By Jody Heymann, Ph.D.
Professor in the Faculties of Medicine and Arts
Founder and Director of the Project on Global Working Families
Alison Earle, Ph.D.
Project Manager for the Work, Family and Democracy Initiative
Jeffrey Hayes, Ph.D.
Institute for Health & Social Policy
The Work, Family, and Equity Index, a creation of the Project on Global Working Families with support from the Ford Foundation, is the first venture to systematically compare public policies for working families in 180 countries. Analyzing data from a wide range of government, private, and academic sources, we have found that the United States is positioned well alongside other high-performing countries in policies protecting individuals from discrimination on the basis of race, gender, age, and disability in the workplace. But when it comes to protecting the family lives of workers, U.S. public policies lag dramatically behind other high-income countries, and even behind many middle- and low-income countries.
Where Does The U.S. Have Strong Work Protections?
The U.S. compares well to many other countries in having policies that ensure an equitable right to work for all racial and ethnic groups, regardless of gender, age or disability. U.S. social insurance policies have also had marked success in lowering the poverty rates of the elderly, although they have been less successful than other affluent nations in protecting children from poverty.
In addition, the U.S. is also one of 117 countries guaranteeing a pay premium for overtime work. The U.S. rate of 150 percent (or “time and a half”) for overtime is near the top in the range of guaranteed payments. Only eight countries mandate more.
Where Does The U.S. Lag Behind?
Leave around childbearing
Out of 173 countries studied, 168 countries offer guaranteed leave with income to women in connection with childbirth; 98 of these countries offer 14 or more weeks paid leave. Although in a number of countries, many women work in the informal sector, where these government guarantees do not always apply, the fact remains that the U.S. guarantees no paid leave for mothers in any segment of the work force, leaving it in the company of only 4 other nations: Lesotho, Liberia, Papua New Guinea, and Swaziland.
65 countries ensure that fathers either receive paid paternity leave or have a right to paid parental leave; 31 of these countries offer 14 or more weeks of paid leave. The U.S. guarantees fathers neither paid paternity nor paid parental leave.
Support for breastfeeding
107 countries protect working women’s right to breastfeed; in at least 73 of these the breaks are paid. The U.S. does not guarantee the right to breastfeed, even though breastfeeding is proven to reduce infant mortality.
137 countries mandate paid annual leave, with 121 of these countries guaranteeing 2 weeks or more each year. The U.S. does not require employers to provide any paid annual leave.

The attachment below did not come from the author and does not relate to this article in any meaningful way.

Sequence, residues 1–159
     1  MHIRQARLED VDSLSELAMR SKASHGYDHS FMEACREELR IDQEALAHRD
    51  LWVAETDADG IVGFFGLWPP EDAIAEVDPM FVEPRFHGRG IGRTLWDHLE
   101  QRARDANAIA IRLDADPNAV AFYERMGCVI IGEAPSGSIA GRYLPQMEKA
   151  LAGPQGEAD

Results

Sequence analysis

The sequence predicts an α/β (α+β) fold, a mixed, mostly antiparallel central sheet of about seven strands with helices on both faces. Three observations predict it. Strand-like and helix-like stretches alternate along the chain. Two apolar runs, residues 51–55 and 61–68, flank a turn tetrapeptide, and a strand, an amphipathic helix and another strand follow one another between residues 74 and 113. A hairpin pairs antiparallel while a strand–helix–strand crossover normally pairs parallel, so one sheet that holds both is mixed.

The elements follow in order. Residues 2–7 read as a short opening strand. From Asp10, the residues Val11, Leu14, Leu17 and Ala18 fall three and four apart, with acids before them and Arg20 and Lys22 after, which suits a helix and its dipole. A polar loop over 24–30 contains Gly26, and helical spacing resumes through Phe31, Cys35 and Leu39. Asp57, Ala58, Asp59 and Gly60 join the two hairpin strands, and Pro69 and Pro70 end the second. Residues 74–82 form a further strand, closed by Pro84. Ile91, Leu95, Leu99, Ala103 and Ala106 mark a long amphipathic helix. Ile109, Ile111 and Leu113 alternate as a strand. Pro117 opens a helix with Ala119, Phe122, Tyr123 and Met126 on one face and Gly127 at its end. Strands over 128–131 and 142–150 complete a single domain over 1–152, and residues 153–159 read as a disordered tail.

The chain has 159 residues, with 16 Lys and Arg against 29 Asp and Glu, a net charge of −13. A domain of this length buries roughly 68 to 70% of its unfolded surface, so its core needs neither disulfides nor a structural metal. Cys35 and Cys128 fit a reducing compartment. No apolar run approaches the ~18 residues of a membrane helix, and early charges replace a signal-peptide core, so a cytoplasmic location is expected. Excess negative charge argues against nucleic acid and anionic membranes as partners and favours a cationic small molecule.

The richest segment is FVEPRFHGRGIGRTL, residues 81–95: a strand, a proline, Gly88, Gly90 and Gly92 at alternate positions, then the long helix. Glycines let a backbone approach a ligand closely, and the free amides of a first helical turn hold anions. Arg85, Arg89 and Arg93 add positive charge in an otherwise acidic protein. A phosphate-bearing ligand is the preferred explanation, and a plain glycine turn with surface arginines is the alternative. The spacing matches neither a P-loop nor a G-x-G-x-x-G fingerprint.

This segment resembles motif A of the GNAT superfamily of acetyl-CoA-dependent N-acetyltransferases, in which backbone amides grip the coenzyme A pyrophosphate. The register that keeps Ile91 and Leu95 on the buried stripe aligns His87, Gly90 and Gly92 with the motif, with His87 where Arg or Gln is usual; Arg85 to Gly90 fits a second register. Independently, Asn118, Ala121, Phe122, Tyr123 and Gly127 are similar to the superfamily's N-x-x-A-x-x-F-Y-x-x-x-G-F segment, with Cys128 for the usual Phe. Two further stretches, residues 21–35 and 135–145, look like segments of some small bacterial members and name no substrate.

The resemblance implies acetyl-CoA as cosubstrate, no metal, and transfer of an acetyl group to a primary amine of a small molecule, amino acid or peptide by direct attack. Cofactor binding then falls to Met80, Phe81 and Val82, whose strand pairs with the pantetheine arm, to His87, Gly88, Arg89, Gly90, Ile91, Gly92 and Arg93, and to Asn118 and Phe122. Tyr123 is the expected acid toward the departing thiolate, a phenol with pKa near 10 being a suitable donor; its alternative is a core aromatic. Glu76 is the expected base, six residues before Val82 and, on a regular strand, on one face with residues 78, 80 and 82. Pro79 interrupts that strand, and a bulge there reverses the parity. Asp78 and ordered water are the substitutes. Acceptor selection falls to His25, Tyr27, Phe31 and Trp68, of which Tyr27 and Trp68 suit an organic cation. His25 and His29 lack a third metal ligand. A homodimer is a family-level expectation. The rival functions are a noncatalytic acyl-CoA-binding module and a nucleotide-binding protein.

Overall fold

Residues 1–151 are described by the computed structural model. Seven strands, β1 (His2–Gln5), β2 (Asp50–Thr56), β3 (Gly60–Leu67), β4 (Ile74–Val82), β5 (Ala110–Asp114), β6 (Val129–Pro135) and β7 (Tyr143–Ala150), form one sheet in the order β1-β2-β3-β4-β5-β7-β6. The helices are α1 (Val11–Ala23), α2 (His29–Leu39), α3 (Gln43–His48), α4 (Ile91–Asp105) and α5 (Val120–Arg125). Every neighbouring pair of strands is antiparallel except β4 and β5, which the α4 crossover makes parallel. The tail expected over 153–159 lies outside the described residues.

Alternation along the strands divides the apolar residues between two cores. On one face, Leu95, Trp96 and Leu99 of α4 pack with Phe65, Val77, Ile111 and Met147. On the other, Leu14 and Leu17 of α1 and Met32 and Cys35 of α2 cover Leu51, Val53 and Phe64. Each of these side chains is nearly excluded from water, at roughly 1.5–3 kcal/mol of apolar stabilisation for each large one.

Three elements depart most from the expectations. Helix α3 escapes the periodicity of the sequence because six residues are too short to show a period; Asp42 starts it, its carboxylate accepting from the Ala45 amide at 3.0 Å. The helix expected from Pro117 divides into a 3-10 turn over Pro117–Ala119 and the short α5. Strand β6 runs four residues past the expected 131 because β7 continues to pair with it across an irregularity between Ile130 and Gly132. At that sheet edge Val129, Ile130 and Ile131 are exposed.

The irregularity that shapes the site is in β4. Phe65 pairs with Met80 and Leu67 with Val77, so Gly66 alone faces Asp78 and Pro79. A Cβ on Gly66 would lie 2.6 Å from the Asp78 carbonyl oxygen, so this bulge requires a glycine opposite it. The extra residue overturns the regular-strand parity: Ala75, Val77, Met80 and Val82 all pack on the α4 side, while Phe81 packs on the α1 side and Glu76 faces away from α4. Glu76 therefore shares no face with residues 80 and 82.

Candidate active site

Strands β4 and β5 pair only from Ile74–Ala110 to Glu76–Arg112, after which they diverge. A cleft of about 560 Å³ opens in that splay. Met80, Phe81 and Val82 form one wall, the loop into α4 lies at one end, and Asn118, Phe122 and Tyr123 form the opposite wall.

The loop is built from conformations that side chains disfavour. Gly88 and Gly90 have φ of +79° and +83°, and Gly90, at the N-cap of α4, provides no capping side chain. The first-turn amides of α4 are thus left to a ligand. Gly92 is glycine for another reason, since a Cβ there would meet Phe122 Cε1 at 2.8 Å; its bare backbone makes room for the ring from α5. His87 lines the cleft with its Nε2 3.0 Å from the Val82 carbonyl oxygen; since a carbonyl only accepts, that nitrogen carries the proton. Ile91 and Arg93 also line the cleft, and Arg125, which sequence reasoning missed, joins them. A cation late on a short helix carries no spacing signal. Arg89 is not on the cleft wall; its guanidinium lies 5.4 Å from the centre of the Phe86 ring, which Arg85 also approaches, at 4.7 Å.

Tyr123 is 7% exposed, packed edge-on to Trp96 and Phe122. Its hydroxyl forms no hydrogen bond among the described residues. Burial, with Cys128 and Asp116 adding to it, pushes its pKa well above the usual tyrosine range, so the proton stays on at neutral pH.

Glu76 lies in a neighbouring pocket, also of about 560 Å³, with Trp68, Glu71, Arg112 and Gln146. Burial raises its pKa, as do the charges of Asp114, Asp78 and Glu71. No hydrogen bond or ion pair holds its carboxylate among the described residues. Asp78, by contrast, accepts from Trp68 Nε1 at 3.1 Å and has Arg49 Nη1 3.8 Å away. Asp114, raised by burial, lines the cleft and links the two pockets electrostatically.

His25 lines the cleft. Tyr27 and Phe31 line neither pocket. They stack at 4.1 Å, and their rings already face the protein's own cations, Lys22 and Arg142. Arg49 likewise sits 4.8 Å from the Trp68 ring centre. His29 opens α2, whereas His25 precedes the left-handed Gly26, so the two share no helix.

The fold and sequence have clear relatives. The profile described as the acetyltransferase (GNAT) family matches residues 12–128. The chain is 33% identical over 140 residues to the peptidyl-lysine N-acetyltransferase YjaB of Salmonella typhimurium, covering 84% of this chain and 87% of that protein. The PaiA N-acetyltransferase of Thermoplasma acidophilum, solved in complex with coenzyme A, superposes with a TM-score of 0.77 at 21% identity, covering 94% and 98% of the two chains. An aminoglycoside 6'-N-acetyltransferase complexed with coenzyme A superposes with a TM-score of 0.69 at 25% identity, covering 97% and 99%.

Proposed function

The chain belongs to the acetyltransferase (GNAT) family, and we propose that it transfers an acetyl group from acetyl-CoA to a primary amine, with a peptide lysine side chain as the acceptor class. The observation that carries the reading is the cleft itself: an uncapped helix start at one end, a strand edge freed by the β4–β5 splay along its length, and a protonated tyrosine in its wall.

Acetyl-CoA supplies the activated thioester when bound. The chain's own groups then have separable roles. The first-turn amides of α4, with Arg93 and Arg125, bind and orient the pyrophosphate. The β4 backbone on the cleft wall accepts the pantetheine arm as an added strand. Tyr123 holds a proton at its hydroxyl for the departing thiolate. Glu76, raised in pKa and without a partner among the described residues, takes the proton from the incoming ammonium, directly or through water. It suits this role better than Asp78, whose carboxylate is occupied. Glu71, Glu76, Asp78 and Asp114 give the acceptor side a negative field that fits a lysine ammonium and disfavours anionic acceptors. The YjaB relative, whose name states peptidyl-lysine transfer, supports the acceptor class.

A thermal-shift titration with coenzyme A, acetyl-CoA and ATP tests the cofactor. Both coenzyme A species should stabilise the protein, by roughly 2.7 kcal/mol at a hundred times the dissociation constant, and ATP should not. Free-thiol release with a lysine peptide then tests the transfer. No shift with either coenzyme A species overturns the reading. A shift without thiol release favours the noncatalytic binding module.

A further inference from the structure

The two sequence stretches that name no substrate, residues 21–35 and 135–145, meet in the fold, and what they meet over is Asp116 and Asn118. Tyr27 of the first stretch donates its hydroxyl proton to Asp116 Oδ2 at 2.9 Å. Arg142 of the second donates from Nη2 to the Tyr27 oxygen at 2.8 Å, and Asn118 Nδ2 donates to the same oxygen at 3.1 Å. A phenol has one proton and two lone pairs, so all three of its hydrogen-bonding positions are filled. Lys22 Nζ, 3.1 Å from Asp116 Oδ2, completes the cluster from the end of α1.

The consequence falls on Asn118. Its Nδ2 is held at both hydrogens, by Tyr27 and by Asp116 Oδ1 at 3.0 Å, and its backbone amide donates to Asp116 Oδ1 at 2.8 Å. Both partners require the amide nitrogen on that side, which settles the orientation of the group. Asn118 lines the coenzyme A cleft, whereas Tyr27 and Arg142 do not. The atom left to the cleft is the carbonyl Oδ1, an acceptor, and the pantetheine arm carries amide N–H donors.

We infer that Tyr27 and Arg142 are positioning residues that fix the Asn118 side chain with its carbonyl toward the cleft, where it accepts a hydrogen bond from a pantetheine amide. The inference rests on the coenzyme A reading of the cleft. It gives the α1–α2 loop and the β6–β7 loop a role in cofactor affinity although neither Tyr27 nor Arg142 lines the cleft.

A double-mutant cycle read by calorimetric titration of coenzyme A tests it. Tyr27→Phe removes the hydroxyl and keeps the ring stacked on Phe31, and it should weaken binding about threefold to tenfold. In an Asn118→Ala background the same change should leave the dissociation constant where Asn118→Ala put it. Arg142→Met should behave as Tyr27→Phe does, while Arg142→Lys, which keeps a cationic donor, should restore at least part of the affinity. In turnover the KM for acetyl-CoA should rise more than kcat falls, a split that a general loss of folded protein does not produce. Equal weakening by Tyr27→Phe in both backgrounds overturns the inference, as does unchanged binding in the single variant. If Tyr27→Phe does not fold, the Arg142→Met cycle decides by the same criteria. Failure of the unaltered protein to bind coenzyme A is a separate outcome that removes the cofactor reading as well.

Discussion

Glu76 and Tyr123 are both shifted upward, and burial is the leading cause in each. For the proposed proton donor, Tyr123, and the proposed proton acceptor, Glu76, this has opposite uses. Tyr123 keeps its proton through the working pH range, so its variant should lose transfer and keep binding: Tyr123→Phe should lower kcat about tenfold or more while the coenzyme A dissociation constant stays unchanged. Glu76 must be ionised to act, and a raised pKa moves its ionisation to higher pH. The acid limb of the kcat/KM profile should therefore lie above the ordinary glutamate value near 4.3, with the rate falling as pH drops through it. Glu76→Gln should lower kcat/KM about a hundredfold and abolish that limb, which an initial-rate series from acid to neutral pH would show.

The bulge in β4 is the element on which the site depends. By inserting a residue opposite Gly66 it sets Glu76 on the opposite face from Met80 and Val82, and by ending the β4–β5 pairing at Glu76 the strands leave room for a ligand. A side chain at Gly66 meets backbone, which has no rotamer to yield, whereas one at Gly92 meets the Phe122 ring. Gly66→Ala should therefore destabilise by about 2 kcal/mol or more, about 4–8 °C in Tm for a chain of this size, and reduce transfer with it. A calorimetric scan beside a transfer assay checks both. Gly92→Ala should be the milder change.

134 countries have laws that fix the maximum length of the work week. The U.S. does not have a maximum length of the work week or a limit on mandatory overtime per week.
While only 28 countries have restrictions or prohibitions on night work, 50 countries have government-mandated evening and night wage premiums. The U.S. neither restricts nor guarantees wage premiums for night work.
Leave for illness and family care
49 countries guarantee leave for major family events such as marriage or funerals; in 40 of these countries, leave for one or both of these family events is paid.
145 countries provide paid leave for short- or long-term illnesses, with 127 providing a week or more annually. More than 79 countries provide sickness benefits for at least 26 weeks or until recovery. The U.S. provides only unpaid leave for serious illnesses through the FMLA, which does not cover all workers. Moreover, the U.S. does not guarantee any paid sick days for common illnesses.
Why Does It Matter?
Paid leave for childbearing and childrearing
Improves children’s health outcomes by making more time available to parents to provide essential care for children, by facilitating breastfeeding, which reduces the risk of infections, and by increasing the likelihood that children will receive necessary immunizations, all of which contribute to lower infant mortality and morbidity rates. More time for parents also allows for the formation of bonds between parents and children, fostering positive emotional development of children.
Improves economic conditions of families by increasing the long-term employment and earning prospects of working parents, so they do not have to quit their jobs to get time off with children.
Benefits employers by reducing staff turnover, which can lower recruitment and training costs and improve workers’ productivity. When workers feel supported, they have higher levels of job satisfaction, which in turn increases their commitment to their company’s success.
Is enshrined in two widely accepted human rights protocols: the International Convention on Economic, Social, and Cultural Rights (signed by 156 countries), and the Convention on the Elimination of Discrimination against Women (signed by 178 countries).
Support for breastfeeding
Results in lower infant and child mortality, with studies finding a 1.5 to 5-fold lower relative risk of mortality among breast-fed children.